- Advertisement -

Dave Evanson Sells Memento.com for $148,000

Chris Evans’ Former Production Company Sells Ginger.com to Company With $120 Million in Funding

If you're a startup that has decided to brand yourself on a generic dictionary word, what is your domain name strategy? For Ginger, the founders...

Giuseppe Graziano Releases the Q3 Liquid Domains Report – $13.36 Million in Escrow.com Sales

Giuseppe Graziano is the founder of GGRG domain brokerage and LMX.com, the liquid domain marketplace. Every quarter, he releases a liquid domain report in...

After Getting $106,769 for VanInsurance.co.uk, the Seller Wants $150,000 for VanInsurance.uk

Yesterday, GoDaddy released its first domain sales list in five years. It's a significant moment for a publicly listed company to willingly disclose data...

How Do We Break the Domaining Echo Chamber?

Over the last six months, I've reduced my social media usage significantly, but over the weekend I did see a thought-provoking tweet from NameCorp...

Data Driven: Unicorn Upgrades – When Did They Happen? – Part 1

Unicorns. Aside from being mythical creatures, the term unicorn is also used to describe companies. In particular, privately held startup companies that are valued at $1 billion or more.

Most unicorn companies don't start out by owning their best, exact-match .COM domain name. When a company starts its life, domain names aren't necessarily a priority, so many opt for lesser names. Lesser names could include a prefix word (such as "Get" or "Try"), or they could be an alternative extension to .COM (such as .CO or .IO).

On their way to becoming a unicorn, many of these companies paid the sometimes vast amounts of money needed to acquire their exact-match .COM domain.

Sedo’s Dave Evanson has a history of recording six and seven-figure sales. In 2020 along, he has sold names such as Profitable.com for $200,000, and ElectricCar.com for $180,000. Today, Dave has announced another one-word domain that he’s sold for a six-figure fee.

The domain is Memento.com, and it was sold for $148,000 according to a tweet from Dave:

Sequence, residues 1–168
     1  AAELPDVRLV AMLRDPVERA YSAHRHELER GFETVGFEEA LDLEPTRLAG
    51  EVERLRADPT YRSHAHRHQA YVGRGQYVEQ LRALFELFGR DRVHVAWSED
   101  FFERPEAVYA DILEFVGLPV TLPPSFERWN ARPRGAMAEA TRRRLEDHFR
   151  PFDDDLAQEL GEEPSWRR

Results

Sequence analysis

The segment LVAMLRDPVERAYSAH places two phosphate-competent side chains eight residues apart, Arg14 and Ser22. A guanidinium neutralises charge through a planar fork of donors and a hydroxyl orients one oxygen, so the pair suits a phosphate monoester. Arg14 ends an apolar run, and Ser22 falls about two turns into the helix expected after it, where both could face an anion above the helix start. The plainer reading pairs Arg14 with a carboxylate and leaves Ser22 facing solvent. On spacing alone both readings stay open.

According to DomainIQ, Memento.com was sold on behalf of Syngenuity Limited, a company that is listed as owning other names including WUN.com, Quin.com, and FightingTalk.com among over a thousand other domains.

As of writing, Memento.com is pending a transfer, so it’s unclear who the buyer is. Although, based on Crunchbase’s search results, it could be one of a number of companies called Memento.

Inferior names such as Memento.photo are already developed, as well as names such as MementoPayments.com, and Icelandic payment platform that has raised over $750,000 in funding to date.

Based on the Crunchbase and trademark listings for the term “Memento,” it has a wide usage across many industries, making it difficult to determine who actually bought the name. However, at $148,000, it does seem like an end-user purchase rather than an investor.

It’ll be interesting to see where this name ultimately ends up, but regardless, Memento.com’s $148,000 sale should chart as the fifteenth highest sale of 2020 behind another Sedo sale, that of BettingTips.com for $150,000.

Do you think that $148,000 was a good sales price for Memento.com?

Subscribe
Notify of
guest
0 Comments
Inline Feedbacks
View all comments
Advertisement
Dave Evanson Sells Memento.com for 8,000

The Sales Roundup, GoDaddy Special: Why VanInsurance.co.uk Sold for $106,769, and More

This past week, GoDaddy disclosed a list of their top 20 domain sales for the month of June 2020. I'm going to be taking...

Chris Evans’ Former Production Company Sells Ginger.com to Company With $120 Million in Funding

If you're a startup that has decided to brand yourself on a generic dictionary word, what is your domain name strategy? For Ginger, the founders...

Giuseppe Graziano Releases the Q3 Liquid Domains Report – $13.36 Million in Escrow.com Sales

Giuseppe Graziano is the founder of GGRG domain brokerage and LMX.com, the liquid domain marketplace. Every quarter, he releases a liquid domain report in...